Comment: LEAN argues that the Court's decision in South Coast Air Quality Management District v. EPA, 472 F.3d 882 (DC Cir. 2006), prohibits BR from removing controls until it has attained the standard EPA has determined is requisite to public health, which they assert is the 75 ppb 2008 8-hour ozone standard. LEAN contends that the South Coast case made it clear that EPA cannot release an area from applicable controls until it has achieved “safe” air quality. They further assert that allowing BR to escape antibacksliding requirements because it attained the 1-hour standard would be ignoring Congress' intent when enacting the CAA that “air quality should be improved until safe and never allowed to retreat thereafter.”

Response: The suspension of the obligation to submit the attainment demonstration, RFP plan, and contingency measures for the 1-hour ozone standard does not remove any controls that are in place, or any controls that are required when the area is attaining the 1-hour standard. It is directed only at plan measures aimed specifically at attainment of the 1-hour standard, which are not necessary once the area has attained, and continues to attain that standard. The obligations for submissions being suspended here do not bear on any obligations linked to the revised 2008 8-hour ozone standards. We will address any new 8-hour requirements in a separate proceeding or rulemaking. Moreover, as set forth above, the DC Circuit upheld EPA's regulation embodying the Clean Data Policy in 40 CFR 51.918. That regulation provides that a determination of the 1997 8-hour standard will result in the suspension of requirements to submit requirements related to the 1997 8-hour standard. Thus, contrary to commenter's contention, the DC Circuit supports, and does not prohibit, EPA's application of the Clean Data Policy for purposes of the 1-hour standard. EPA's defense of the Clean Data Policy for the 1997 8-hour standard was identical to and Start Printed Page 6574based upon its interpretation and practice with respect to the 1-hour ozone standard. See Phase 2 Rule, 70 FR 71644-71646 (November 29, 2005) and NRDC v. EPA, 571 F.3d 1245 (DC Cir. 2009). Thus the DC Circuit has rejected the arguments LEAN raises against the Clean Data Policy, and the Court has upheld EPA's interpretation as consistent with the Clean Air Act.

As noted in footnote two, EPA is currently reconsidering the 2008 8-hour ozone standard of 75 ppb. We expect by August 2010 to have completed our reconsideration of the standard and designations to proceed thereafter. When and if EPA designates BR as nonattainment of the reconsidered standard, LDEQ will be required to prepare a new ozone plan that addresses that standard.

Comment: LEAN argues that EPA cannot lawfully suspend controls from a SIP without going through the comprehensive redesignation procedures of 42 U.S.C. 7407(d)(3).

Response: This action does not constitute a redesignation to attainment pursuant to section 107(d)(3). Consequently, the criteria of section 107(d)(3) do not apply to this action. See 60 FR 36723. Nor does the existence of the separate statutory redesignation procedure prevent EPA from applying its interpretation of CAA requirements under the Clean Data Policy.

Several Circuit Courts have upheld the use of the Clean Data Policy to suspend the requirement to submit certain SIP planning measures for the 1-hour ozone standard. The Tenth, Seventh and Ninth Circuits have upheld EPA rulemakings applying the Clean Data Policy. See Sierra Club v. EPA, 99 F. 3d 1551 (10th Cir. 1996); Sierra Club v. EPA, 375 F.3d 537 (7th Cir. 2004) and Our Children's Earth Foundation v. EPA, No. 04-73032 (9th Cir. June 28, 2005) memorandum opinion. See also the discussion and rulemakings cited in the Phase 2 8-Hour Ozone Implementation Rule, 70 FR 71644-71646 (November 29, 2005).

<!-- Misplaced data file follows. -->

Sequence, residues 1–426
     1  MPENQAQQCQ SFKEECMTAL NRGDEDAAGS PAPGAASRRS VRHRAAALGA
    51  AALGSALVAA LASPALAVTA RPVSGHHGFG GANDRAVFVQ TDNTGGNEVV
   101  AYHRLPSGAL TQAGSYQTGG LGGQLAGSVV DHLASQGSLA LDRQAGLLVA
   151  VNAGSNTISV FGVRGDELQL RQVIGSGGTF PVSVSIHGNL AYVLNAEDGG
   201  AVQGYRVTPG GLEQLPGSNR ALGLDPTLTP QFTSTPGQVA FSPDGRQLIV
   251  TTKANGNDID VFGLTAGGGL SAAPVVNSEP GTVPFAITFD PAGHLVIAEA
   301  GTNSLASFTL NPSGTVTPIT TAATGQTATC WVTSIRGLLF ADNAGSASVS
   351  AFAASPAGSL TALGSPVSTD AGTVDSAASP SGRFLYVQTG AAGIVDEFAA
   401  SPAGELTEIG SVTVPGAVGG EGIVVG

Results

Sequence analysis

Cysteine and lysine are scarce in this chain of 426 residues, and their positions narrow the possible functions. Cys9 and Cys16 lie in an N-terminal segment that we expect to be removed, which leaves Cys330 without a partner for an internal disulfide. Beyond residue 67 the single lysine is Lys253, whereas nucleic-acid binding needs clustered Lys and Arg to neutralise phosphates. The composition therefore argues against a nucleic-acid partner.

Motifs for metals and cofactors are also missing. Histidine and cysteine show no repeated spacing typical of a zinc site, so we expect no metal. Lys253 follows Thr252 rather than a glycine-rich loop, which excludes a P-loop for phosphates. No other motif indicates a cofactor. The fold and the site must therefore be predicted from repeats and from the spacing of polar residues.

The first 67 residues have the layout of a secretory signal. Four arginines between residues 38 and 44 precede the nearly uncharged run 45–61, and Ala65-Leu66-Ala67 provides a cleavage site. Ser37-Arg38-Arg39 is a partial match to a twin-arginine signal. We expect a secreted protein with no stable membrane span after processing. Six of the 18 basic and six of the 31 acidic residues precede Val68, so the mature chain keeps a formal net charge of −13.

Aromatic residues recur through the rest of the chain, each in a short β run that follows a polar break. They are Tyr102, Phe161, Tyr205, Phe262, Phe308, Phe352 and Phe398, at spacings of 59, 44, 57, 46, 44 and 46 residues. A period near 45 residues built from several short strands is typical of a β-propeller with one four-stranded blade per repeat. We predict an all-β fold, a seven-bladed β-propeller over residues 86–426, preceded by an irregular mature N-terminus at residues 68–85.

The D.C. Circuit has also upheld the Clean Data Policy, as it is embodied in 40 CFR 51.918, which was challenged in the context of the 8-hour ozone standard in the Phase 2 Rule ozone litigation in See NRDC v. EPA, 571 F.3d 1245 (DC Cir. 2009). The DC Circuit specifically rejected the arguments that the Clean Data Policy is inconsistent with the redesignation provisions of the CAA:

We think the statute unclear as to whether those sections apply to an area that is already attaining the NAAQS. For the reasons below, we join the Tenth Circuit in holding the EPA's interpretation is reasonable. See Sierra Club v. EPA, 99 F.3d 1551 (10th Cir.1996). * * * The EPA's reasoning disposes as well of the NRDC's contentions that the Clean Data Policy unlawfully circumvents the redesignation requirements, CAA § 107(d)(3)(E), 42 U.S.C. 7407(d)(3)(E), violates the mandate that all Part D requirements remain in force until an area has an approved maintenance plan in place, CAA § 175A(c), 42 U.S.C. 7505a(c), and disregards the Supreme Court's admonition that the EPA cannot “render Subpart 2's carefully designed restrictions on EPA discretion utterly nugatory,” Whitman v. Am. Trucking Ass'ns, 531 U.S. 457, 484, 121 S.Ct. 903, 149 L.Ed.2d 1 (2001). The Clean Data Policy does not effect a redesignation; an area must still comply with the statutory requirements before it can be redesignated to attainment. Furthermore, Part D—including Subpart 2—remains in force insofar as it applies but, as we have just seen, the EPA has reasonably concluded the provisions of the Act requiring percentage reductions do not apply to an area that has attained the NAAQS.